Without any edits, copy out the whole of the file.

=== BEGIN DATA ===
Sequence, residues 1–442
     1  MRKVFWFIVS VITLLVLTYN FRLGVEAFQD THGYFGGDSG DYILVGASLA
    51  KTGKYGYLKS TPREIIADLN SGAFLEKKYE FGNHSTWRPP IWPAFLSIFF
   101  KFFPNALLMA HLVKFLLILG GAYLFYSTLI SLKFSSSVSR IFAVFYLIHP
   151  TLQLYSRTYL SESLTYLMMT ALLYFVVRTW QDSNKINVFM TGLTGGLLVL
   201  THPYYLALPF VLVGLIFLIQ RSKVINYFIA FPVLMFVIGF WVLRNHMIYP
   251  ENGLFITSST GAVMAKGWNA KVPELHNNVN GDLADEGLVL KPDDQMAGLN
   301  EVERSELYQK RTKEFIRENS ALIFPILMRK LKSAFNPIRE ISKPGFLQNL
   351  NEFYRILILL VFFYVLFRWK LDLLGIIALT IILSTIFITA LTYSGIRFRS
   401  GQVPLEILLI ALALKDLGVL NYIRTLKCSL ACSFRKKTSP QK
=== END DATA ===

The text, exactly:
Sequence, residues 1–442
     1  MRKVFWFIVS VITLLVLTYN FRLGVEAFQD THGYFGGDSG DYILVGASLA
    51  KTGKYGYLKS TPREIIADLN SGAFLEKKYE FGNHSTWRPP IWPAFLSIFF
   101  KFFPNALLMA HLVKFLLILG GAYLFYSTLI SLKFSSSVSR IFAVFYLIHP
   151  TLQLYSRTYL SESLTYLMMT ALLYFVVRTW QDSNKINVFM TGLTGGLLVL
   201  THPYYLALPF VLVGLIFLIQ RSKVINYFIA FPVLMFVIGF WVLRNHMIYP
   251  ENGLFITSST GAVMAKGWNA KVPELHNNVN GDLADEGLVL KPDDQMAGLN
   301  EVERSELYQK RTKEFIRENS ALIFPILMRK LKSAFNPIRE ISKPGFLQNL
   351  NEFYRILILL VFFYVLFRWK LDLLGIIALT IILSTIFITA LTYSGIRFRS
   401  GQVPLEILLI ALALKDLGVL NYIRTLKCSL ACSFRKKTSP QK